Our study focus on localization for systems of multiple micro Aerial Vehicles (MAVs) which have relatively small sizes and weights than unmanned aerial vehicles and suitable for multiple applications such as surveillance, and search and rescue operations. Unlike ground vehicles, MAVs are subject to size, weight and payload (SWaP) constraints. As a result, cameras are often preferred over range finders and LiDARs to do the same task due to their compactness and light weight. The system of robots studied in this work, as shown in Fig. 1, are equipped with two types of sensor modalities: vision-based detection and measurement of other robots within each robot’s field of view; and visual inertial odometry (VIO) using stereo cameras and inertial measurement unit measurements. These robots are in length, inexpensive and light-weight, making them a great candidate for research and civilian applications.
Despite its appeals, mutual localization in such multi-MAV systems is challenging due to a couple of reasons. First, our system of robots is homogeneous, visually similar, and using tagging or specific sensors for identifying robots are neither practical or desirable due to the SWaP constraints. Thus, the vision-based detection provides no identify information, leading to data association ambiguity. Secondly, the vision-based detection often yields false positives and false negatives. Furthermore, unlike range finders used in previous studies such as , the vision-based measurements of distance and bearing are quite noisy. These factors make the data association problem become even more challenging.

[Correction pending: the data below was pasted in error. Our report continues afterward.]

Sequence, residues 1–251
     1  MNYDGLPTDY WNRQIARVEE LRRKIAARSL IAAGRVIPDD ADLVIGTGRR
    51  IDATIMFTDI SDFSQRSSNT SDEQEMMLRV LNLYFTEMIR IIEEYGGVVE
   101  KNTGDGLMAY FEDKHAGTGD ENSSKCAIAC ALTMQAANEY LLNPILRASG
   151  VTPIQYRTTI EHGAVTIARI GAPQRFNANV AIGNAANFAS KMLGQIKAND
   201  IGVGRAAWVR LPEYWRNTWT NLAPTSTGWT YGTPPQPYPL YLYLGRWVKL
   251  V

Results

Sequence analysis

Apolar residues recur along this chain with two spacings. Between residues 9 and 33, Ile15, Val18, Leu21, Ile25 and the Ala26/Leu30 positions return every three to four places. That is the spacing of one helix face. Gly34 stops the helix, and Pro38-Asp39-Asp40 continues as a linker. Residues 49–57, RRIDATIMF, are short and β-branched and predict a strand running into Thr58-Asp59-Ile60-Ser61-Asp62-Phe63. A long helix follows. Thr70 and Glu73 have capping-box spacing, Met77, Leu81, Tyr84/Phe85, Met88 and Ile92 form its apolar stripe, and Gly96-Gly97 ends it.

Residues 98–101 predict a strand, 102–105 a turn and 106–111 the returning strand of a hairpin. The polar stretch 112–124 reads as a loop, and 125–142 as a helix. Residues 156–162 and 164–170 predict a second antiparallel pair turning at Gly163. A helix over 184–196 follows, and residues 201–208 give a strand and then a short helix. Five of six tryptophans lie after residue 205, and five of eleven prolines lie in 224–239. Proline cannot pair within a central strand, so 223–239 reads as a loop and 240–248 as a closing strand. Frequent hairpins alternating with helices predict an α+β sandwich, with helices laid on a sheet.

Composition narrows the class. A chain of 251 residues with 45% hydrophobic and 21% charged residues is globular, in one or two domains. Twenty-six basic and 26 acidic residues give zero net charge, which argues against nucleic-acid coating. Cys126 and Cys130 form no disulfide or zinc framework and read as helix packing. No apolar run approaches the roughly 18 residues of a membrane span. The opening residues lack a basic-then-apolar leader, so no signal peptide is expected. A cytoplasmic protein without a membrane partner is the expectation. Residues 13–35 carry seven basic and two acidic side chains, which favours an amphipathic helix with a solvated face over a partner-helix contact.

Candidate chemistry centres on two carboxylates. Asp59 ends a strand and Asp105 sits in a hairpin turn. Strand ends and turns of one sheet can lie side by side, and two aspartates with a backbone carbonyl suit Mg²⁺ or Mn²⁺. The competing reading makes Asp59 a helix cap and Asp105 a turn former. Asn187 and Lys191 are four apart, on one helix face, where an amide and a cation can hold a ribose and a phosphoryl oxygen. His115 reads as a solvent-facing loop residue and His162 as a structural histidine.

In short, we study the problem of multi-MAV mutual localization under following assumptions,
Initial relative poses between robots are unknown.
Robot detection provides no identity information.
Robot detection can include false negatives and false positives.
Vision-based distance and bearing measurements are noisy.
Our main contributions in this work include:
We introduce a vision plus IMU framework for localization that uses relative distance and bearing measurements, on a SWaP-constraint platform.
We propose an extension of CPDAF with a simple but effective gating and evaluating mechanism to keep the number of hypotheses manageable.
We demonstrate how on-board sensing, estimation and control can be used for formation flight.